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Remember the good old days when the internet was like the wild west? There were no complicated content rules, no Google rankings to deal with and just having a website was a pretty big deal? Heck, social media looked nothing like it does today and you didn’t need gmail to sort your email into 3 bins for you.

These days, everyone has a website. Some even have separate sites for different products and services just for the SEO benefits. Searching online has almost become a reflex action for most of us and that means everyone and their dog is online and on so many more devices than ever before.

Plight of the lone website

One of the more common responses we get from businesses when we ask about their marketing strategy usually involves a feeling like they’ve been ripped off by their previous development team. They’ve been updating the Facebook page and they’ve been putting up a new product spec sheet once in awhile but they aren’t seeing any results. The problem here is that like so many companies, they are active with so many facets of their business that they’ve put all of their digital eggs in one basket and left it out on the porch hoping someone will stumble upon it and buy from them. For a website to truly attract leads these days it needs to be so much more than simply an online brochure.

 

A goal without a plan is just a wish. - Antoine de Saint-Exupery

People’s buying habits have changed. They expect to find answers to their problems and content that helps them get to know you and trust your expertise. The fact that you are here reading this article means that you’re aware of this. So let’s get ahead of the curve with an inbound strategy, shall we?

1. Update that site!

If your site has been around for awhile and you haven’t updated the site with any new content in months, then there’s no incentive for a visitor to return or convert to a lead. Your prospects need to receive the same helpful experience online that they would in person.  One way to start doing this is through blogging. No one knows your business like you do, so your industry expertise is good as gold. Whether you’ve got any formal writing experience or not doesn’t really matter. Your knowledge base is what prospects are looking for so they can inform themselves on making a good purchasing decision.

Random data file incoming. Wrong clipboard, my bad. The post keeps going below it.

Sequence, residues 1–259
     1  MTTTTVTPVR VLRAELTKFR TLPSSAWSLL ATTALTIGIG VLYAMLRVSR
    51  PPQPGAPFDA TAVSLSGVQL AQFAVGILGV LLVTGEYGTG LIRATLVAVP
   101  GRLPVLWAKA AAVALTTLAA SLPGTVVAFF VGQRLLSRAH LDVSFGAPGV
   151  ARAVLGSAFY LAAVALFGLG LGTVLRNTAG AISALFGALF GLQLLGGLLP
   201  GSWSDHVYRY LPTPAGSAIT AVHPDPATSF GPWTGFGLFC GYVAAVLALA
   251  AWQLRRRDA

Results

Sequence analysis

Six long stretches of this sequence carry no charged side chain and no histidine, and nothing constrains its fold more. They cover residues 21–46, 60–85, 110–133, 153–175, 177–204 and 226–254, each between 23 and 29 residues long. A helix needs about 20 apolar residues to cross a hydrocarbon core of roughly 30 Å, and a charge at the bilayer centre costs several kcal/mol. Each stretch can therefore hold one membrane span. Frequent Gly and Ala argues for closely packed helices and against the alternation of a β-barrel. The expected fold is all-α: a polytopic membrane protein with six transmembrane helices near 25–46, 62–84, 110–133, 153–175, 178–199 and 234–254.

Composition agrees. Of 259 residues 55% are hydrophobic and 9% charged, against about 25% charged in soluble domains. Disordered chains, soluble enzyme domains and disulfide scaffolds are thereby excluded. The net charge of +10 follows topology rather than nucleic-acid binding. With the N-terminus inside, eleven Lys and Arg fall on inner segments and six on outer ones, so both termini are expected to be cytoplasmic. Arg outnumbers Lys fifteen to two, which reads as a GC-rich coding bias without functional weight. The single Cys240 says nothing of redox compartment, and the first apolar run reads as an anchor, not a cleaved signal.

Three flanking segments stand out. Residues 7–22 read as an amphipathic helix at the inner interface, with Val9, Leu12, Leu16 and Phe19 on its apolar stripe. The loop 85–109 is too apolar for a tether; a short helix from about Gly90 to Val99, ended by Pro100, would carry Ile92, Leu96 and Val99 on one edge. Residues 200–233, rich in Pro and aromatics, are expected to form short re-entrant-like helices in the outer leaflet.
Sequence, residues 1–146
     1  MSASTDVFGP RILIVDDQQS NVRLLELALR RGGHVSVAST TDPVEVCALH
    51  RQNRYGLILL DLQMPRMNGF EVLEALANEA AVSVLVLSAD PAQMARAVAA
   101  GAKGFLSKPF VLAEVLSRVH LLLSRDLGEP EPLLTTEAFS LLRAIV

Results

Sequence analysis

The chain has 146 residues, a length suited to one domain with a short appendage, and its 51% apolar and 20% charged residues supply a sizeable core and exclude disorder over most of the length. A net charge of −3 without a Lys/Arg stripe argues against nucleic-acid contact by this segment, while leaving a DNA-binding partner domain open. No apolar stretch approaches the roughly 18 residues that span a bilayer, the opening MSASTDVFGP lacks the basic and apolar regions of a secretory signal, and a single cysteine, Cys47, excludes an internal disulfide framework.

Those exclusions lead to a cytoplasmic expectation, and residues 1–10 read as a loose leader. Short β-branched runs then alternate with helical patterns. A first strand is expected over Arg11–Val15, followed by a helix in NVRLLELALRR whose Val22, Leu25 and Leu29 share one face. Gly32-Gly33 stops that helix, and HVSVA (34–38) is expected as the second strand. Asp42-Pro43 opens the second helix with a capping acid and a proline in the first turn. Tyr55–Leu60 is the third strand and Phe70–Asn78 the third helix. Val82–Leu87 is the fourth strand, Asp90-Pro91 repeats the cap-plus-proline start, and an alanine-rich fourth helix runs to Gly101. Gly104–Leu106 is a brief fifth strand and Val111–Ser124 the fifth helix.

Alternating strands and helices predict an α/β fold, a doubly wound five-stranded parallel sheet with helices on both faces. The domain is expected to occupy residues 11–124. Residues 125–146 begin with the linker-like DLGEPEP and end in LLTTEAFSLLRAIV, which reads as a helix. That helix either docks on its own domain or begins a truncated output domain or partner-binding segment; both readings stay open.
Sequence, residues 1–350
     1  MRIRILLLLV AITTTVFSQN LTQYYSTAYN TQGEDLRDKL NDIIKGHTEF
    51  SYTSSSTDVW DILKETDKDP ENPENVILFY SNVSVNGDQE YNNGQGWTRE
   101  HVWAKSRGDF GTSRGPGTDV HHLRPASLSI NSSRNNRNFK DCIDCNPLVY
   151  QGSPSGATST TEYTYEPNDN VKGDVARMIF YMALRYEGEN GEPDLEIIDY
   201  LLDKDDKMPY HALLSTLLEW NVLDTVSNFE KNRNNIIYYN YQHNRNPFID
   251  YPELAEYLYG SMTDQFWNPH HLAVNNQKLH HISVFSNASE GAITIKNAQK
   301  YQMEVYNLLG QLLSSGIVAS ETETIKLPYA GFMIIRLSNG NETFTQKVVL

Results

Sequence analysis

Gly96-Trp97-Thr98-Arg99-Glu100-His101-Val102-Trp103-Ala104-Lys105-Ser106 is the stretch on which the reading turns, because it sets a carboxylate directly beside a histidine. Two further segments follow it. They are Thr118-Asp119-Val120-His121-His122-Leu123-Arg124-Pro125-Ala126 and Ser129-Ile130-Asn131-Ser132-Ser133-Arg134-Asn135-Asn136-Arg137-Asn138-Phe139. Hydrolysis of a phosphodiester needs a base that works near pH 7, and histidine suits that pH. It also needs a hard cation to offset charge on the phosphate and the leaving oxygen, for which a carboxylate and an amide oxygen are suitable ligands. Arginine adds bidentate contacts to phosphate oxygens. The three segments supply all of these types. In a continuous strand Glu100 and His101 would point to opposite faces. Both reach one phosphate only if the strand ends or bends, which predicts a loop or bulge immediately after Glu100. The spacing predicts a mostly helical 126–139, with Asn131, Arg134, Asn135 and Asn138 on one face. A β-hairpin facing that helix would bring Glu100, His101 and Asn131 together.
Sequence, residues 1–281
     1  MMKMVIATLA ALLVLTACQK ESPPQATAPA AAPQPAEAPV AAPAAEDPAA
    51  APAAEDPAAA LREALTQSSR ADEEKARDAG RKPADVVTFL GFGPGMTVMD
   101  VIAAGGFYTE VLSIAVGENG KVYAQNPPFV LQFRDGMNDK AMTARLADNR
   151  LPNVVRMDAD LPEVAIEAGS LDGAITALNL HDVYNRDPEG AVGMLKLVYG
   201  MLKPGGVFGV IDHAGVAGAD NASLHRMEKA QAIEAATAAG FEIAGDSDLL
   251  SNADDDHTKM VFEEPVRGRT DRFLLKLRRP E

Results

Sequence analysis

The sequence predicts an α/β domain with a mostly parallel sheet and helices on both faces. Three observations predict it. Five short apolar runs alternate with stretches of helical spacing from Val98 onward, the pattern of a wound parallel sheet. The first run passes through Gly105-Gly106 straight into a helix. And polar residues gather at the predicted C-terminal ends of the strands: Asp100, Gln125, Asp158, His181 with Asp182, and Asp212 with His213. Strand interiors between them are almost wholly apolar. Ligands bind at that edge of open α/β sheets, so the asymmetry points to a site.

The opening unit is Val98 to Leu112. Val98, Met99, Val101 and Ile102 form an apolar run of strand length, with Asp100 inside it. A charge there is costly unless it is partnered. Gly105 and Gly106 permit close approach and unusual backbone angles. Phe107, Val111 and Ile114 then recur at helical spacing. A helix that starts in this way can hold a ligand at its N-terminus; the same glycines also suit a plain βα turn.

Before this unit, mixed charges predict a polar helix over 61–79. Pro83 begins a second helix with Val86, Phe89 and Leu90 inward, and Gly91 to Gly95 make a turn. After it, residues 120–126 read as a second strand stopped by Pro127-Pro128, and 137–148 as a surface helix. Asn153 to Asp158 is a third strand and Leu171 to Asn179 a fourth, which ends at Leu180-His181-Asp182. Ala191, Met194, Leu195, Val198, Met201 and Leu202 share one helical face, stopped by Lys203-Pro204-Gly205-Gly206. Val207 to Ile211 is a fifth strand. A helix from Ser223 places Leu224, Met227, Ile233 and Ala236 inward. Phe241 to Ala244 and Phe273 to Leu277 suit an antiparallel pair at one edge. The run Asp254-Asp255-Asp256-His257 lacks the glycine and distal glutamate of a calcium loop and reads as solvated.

2. Social media is not optional

The majority of marketers (59%) are using social media for 6 hours or more each week. (Source: Social Media Examiner)

The above statistic tells you just where marketers are attracting visitors and just how important social media has become. Use social media to promote your site and blog, use it to share helpful information and most of all just get out there and talk to people. Think of social media like a networking event. You wouldn’t show up and sit in the corner, would you? How helpful is that?

 

Well, looks like there's nobody important here. Guess I can wear these same clothes tomorrow.

Here’s a quick look at some of the social media networks you should be on based on your type of business:

B2C: 1. Twitter 2. Facebook 3. Google +
B2B: 1. Twitter 2. LinkedIn 3. Google +

It’s not hard to get started, either. Get your feet wet by posting a couple times per day and start following some important industry people in your area. If you’re already active on social media, you can start sharing blog content, interacting with people and getting into conversations.

3. Start email marketing

Another great question we get often is “should I still consider using email marketing if social media is around?” The answer is yes and here’s why; Twitter has over 300 million active monthly users and gets heaps of attention. That seems pretty good, yet there are still 3.1 billion (with a B) active email accounts in the world. Which would you say has the largest reach? It’s no contest. Another thing to remember is that email is great for client retention and lead nurturing. If a visitor needs to visit your site about 7 times before they make a decision then nothing works better than something that gets delivered right to them.

4. Offers & calls to action

Your website likely has a call to action somewhere already. You’ll typically see them in the form of a call now or a buy now button or something of the sort that is extremely end of sales funnel for the user. So how can you engage visitors that aren’t yet at the point of sale?

We need to think… what can I offer people who are just getting to know me? Is it an ebook about how to fix a common problem? Is it an introductory coupon offer? Is it an offer for a free service or an invitation to an event? Whatever the offer is put the offer in an actionable button and shoot it to a landing page that captures visitor information so you can begin collecting valuable lead data.

Here’s a great article from Hubspot on The steps you need to define the stages of your Sales & Marketing Funnel.

These four methods are just the tip of the iceberg of what is called inbound marketing. When it comes to making sure that your website generates ROI, an online marketing strategy gives you plenty of ammo to fight for visitors, leads and customers. So quit bringing a knife to the wild west gunfight and start pistol-whipping your competition into submission.

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